I had gotten stuck behind a couple of the cyclocross riders on the first short section of singletrack so I wanted to try to get the holeshot for the second singletrack after the Story turnaround. Mike Simonson and Tim Proctor and just about everyone else in our group had the same idea so there was a bit of jockeying for position through the short parking lot leading into the singletrack. I entered third and had no problem keeping up. Tim dropped his chain and I went around content to just follow Mike up the trail. Tomasz Golas, who like me was also riding a mtb, was having none of it though and wanted to get around me even though I was keeping up just fine with Mike and going as fast as I wanted to go. The singletrack was quite narrow with only one good line which I was not going to give up to let him get around me. About halfway up the climb, though, there was a widening of the trail where it flattened out a bit and I let Tomasz around me. I believe he also went around Mike. When the singletrack kicked up again I took a bad line and ended up in a deep rut I couldn’t ride out of. I had to unclip and the rest of our group passed me before I could get going again.
In fact, I was off the back a bit by the time I got back up to speed and just barely managed to chase back on by the end of the singletrack. The next section was a long road section that eventually turned into a gravel climb. We hit the bottom of this climb at exactly 30 miles into the race. Having pre-ridden the course on Wednesday, I discovered that the fast line up the climb was in the leaves off the side of the road. The gravel was so loose and bouncy, you were much better off riding over the leaves and sticks on the side. Surprisingly some people chose to ride right up the middle of the gravel road expending a lot more energy than I was over on the side. I took this as a confidence booster knowing that I was conserving energy while other people were wasting it.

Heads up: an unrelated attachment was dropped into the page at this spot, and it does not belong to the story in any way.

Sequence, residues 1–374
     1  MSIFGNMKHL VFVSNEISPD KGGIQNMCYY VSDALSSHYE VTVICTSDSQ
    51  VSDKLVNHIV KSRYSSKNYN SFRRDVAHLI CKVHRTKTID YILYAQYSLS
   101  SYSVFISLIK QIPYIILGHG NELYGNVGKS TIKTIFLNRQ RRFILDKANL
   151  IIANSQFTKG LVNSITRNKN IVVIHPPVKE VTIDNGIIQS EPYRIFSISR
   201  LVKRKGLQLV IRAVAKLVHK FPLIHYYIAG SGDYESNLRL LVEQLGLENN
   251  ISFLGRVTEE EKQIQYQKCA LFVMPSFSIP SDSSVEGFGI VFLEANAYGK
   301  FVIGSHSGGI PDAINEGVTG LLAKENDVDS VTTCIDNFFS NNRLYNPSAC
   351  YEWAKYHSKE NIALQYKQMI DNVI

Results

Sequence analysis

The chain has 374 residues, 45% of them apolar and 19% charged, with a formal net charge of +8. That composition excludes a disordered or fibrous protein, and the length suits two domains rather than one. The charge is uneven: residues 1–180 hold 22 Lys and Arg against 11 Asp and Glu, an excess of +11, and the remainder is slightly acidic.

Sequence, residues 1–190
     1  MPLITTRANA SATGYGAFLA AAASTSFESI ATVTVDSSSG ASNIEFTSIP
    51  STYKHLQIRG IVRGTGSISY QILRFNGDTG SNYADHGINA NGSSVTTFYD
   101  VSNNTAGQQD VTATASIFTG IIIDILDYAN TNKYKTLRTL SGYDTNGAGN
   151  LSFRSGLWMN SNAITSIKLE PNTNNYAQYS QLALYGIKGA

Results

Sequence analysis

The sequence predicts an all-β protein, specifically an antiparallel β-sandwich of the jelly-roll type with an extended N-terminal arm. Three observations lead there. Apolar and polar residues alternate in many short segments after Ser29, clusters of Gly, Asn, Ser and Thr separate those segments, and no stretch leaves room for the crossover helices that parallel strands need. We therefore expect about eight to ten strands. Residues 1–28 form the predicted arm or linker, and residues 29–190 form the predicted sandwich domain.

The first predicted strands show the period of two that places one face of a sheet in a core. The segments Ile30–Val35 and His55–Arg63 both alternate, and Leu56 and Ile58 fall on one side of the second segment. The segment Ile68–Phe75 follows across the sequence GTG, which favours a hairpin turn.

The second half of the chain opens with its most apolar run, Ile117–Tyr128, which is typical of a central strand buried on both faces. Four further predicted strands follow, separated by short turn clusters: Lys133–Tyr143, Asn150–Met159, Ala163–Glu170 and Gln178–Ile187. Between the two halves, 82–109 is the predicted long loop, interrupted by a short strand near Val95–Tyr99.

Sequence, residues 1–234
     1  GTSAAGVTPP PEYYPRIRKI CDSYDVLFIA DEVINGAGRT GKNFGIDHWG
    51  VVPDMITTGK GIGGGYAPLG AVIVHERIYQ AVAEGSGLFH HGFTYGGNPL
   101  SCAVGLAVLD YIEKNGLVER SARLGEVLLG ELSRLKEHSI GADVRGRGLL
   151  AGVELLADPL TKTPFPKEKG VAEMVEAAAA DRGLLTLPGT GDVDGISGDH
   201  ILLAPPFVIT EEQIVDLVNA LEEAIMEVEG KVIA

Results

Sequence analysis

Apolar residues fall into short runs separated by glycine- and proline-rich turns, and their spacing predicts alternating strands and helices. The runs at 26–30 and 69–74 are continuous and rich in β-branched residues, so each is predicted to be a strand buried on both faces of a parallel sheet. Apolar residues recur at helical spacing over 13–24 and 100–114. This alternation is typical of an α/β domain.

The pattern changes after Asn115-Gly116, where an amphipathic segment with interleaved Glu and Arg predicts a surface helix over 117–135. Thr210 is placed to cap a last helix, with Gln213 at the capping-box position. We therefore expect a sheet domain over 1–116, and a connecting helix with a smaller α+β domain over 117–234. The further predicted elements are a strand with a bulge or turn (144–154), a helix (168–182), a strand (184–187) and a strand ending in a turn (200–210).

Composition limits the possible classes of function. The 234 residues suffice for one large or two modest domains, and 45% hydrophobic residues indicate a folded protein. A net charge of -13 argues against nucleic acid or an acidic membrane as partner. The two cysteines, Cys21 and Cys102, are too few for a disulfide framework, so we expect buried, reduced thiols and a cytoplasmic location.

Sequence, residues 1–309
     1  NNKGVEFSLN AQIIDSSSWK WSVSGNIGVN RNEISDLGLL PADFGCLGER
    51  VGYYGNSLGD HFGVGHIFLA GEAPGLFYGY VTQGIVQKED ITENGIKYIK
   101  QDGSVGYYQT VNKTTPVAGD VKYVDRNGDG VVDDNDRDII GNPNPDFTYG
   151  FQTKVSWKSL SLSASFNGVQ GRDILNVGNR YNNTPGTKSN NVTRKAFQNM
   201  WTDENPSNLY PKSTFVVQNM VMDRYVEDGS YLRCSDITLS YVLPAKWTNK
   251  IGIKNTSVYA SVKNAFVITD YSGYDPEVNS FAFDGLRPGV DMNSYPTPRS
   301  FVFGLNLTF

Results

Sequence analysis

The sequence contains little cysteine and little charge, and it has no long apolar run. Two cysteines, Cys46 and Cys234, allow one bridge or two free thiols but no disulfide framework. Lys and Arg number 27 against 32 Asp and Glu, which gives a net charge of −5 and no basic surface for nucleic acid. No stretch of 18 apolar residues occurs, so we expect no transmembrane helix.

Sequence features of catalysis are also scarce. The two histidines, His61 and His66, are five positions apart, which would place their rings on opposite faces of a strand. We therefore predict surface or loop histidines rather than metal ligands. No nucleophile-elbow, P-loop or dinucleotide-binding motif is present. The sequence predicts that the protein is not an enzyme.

At the top of the climb we made a turn and then headed straight back down a fast paved section. I had pre-ridden so I knew the turns and wanted to see if we could hit 50mph in the race … didn’t quite happen but we came close – 49.4 mph. Our group was down to just five riders by this point. We continued to rotate and work well together, although there were a few attacks here and there. Unlike a road race where that would just kill the cohesion of the group, we seemed to dive right back into rotating and working whenever one of these attacks failed. I led the way into that singletrack because it came at the top of a steep hill. I hit it as hard as I could not wanting the people behind to get antsy and want to come around and I ended up dropping everybody through the muddy descent back out onto the gravel road.